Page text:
Just a few short hours outside of Bangkok, it’s possible to go from the hustle and bustle of this Southeast Asian metropolis to a pristine rainforest, home to a huge array of interesting wildlife. After we had spent a few days recharging our batteries and shopping in the city, we boarded a cheap government bus towards Khao Yai National Park.
Before departing Bangkok, I had already emailed Greenleaf Guesthouse, a local guesthouse and tour operator in nearby Pak Chong. They arranged to pick us up from the bus stop along with a French mother and daughter that were also going to Greanleaf.
While basic, Greanleaf provides comfortable and cheap accommodation and guided tours into the national park. We booked a fan room with attached bath in a clean concrete building (300 Baht / US$ 10) along with the one and a half day tour (1500 Baht / US$ 50 pp).
After dropping off our bags and grabbing some lunch, we jumped in the back of Greanleaf’s songthaew to begin the half-day portion of our tour.
We started by visiting a monastery, where we descended into a nearby cave which is used by the monks to meditate.
Down in the cave, we came across an absolutely huge number of sleeping bats.
Our guide found a scorpion spider and asked if anyone would like to touch it. Heather kindly volunteered me and before I knew it this spider was crawling on my face!
We also spotted a large Tarantula nest. Luckily, that one didn’t end up on my face (I’d already had that experience in Guatemala).
Finally, we left the cave and returned to the surface. The sun was beginning to set, so we climbed back in the pickup and went on a quest to see the nightly migration of hundreds of thousands of bats at dusk. Unfortunately, they were a little hard to spot due to the clouds rolling in, but we still enjoyed a nice sunset.
The next day we were up early for the highlight – a full day tour in Khao Yai National Park.
After a long ride into the park and up a winding road, we reached a scenic lookout at the top of a big hill. Here, our guide pulled out a spotting scope to view the beautiful Hornbills enjoying a breakfast of wild figs from a nearby tree.
Some curious monkeys kept an eye on our truck in the parking area.
Next, we donned leech socks and set off on a jungle walk.
Our guide pointed out some interesting insects, such as the beautiful Horned Spider (also known as Spiny Orb Weavers). The large horns are designed to deter predators, mainly small birds.
After digging around near a tree, our guide came back with an Asian Forest Scorpion.
While holding the stinger back, we were given the opportunity to get a closer look at this touch the Scorpion. A much braver member of our small tour group even decided to let the scorpion crawl along her arm.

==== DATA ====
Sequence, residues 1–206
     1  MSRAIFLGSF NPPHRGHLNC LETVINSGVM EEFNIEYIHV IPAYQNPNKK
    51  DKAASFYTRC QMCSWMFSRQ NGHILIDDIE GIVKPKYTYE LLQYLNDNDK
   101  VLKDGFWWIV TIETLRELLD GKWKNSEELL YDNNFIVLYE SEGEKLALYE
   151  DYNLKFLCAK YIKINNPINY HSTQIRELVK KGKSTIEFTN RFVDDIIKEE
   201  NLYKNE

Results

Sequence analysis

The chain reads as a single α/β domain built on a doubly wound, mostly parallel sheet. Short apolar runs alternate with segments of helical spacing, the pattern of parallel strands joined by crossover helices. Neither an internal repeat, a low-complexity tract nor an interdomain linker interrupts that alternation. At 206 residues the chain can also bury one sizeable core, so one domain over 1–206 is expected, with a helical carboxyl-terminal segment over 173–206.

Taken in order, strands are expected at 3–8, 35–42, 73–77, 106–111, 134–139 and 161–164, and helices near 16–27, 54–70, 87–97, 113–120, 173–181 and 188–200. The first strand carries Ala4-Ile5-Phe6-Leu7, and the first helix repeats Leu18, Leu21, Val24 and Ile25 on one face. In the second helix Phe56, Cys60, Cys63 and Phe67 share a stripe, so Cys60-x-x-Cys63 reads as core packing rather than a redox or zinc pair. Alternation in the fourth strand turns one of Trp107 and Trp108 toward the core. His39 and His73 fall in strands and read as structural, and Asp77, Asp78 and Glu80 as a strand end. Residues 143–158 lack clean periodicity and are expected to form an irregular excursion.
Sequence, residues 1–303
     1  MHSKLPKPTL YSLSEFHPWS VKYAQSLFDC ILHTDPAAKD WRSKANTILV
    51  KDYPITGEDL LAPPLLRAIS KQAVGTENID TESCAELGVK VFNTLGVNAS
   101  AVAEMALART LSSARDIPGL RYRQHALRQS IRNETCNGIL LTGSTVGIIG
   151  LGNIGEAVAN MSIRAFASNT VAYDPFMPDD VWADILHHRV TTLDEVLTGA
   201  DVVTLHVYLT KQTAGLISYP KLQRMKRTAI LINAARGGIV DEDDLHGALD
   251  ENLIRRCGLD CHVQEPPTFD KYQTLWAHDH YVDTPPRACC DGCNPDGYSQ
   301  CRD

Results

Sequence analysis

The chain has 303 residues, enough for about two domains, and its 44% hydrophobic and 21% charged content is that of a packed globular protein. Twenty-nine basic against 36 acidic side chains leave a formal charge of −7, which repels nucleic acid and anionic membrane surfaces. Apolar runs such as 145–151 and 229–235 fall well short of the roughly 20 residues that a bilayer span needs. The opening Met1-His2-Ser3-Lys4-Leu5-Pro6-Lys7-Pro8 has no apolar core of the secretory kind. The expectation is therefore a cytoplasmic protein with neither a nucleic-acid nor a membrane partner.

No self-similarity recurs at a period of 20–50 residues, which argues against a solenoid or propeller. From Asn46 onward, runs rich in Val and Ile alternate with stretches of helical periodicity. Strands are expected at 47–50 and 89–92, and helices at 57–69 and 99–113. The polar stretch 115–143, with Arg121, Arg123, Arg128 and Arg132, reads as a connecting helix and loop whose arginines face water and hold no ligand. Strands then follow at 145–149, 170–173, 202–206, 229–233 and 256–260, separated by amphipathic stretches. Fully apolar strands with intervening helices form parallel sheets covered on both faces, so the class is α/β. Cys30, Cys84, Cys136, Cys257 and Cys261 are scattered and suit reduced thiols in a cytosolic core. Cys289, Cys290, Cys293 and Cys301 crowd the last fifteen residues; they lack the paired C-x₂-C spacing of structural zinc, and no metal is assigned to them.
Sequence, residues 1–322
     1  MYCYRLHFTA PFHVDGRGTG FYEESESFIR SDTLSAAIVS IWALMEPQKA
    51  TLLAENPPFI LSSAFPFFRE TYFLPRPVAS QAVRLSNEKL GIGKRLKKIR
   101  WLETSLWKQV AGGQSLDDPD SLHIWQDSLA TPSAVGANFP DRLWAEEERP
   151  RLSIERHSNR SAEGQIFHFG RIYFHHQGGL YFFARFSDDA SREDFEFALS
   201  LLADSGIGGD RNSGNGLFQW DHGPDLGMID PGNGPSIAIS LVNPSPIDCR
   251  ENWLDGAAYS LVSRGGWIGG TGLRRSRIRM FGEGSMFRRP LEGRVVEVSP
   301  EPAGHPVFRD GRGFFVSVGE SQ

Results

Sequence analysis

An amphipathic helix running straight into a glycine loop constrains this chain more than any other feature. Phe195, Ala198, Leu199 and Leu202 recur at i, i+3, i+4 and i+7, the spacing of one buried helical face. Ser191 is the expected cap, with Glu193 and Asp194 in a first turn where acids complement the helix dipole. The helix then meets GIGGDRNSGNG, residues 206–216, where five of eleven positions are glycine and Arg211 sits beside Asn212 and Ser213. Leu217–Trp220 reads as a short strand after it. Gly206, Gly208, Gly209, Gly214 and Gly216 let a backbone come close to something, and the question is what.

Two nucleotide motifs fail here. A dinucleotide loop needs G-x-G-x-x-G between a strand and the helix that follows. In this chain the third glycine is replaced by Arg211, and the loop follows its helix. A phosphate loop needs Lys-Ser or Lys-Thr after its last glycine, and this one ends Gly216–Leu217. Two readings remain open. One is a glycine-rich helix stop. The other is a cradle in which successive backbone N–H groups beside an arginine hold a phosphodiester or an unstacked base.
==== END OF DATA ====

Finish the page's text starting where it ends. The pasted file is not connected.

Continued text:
We were very luck on this walk, as we got to see a couple of different Gibbons. These small apes, which live their lives high up in the trees are extremely rare and facing an uncertain future, with their natural Southeast Asian habitat rapidly disappearing.
After a delicious packed lunch in the jungle, we visited the nearby Haew Suwat Waterfall, made famous in the movie The Beach. Since it was still dry season, the waterfall was really just a trickle, and it’s illegal to jump off the top like they did in the movie anyway.
Finally, it was time for the best part – searching for elephants! An estimated 250 wild elephants live in the park, and the best time to spot them is early morning or late afternoon. As we traveled along the main park roads, we scanned the surrounding jungle for any signs of elephants. After thirty minutes of this we started to lose hope. Then, we passed another tour group which had stopped on the side of the road. Sure enough, a small group of elephants was nearby!
We watched as three elephants walked through the dense undergrowth, snacking on the abundant greenery. The group appeared to consist of a mother with young baby, and an adolescent male.
Trying to stay as quiet as possible, we watched as the elephants foraged around the area. After a few minutes, they retreated back out of view into the jungle.
Buzzing off our amazing elephant encounter, we went back to the guesthouse for dinner and drinks, swapping stories with other guests. After seeing these magnificent creatures in the wild, we promised each other to do what we can to help conserve wild elephants and started planning a volunteer opportunity at an elephant sanctuary in Northern Thailand.